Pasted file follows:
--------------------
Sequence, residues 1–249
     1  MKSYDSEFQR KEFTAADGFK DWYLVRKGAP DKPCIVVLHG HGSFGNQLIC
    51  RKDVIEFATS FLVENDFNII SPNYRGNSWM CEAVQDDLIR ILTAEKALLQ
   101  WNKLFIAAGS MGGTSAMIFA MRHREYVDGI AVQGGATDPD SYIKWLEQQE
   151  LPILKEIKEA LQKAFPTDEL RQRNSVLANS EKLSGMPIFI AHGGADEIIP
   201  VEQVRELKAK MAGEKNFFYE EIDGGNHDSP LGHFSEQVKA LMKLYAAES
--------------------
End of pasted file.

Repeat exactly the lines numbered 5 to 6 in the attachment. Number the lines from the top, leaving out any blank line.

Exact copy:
   151  LPILKEIKEA LQKAFPTDEL RQRNSVLANS EKLSGMPIFI AHGGADEIIP
   201  VEQVRELKAK MAGEKNFFYE EIDGGNHDSP LGHFSEQVKA LMKLYAAES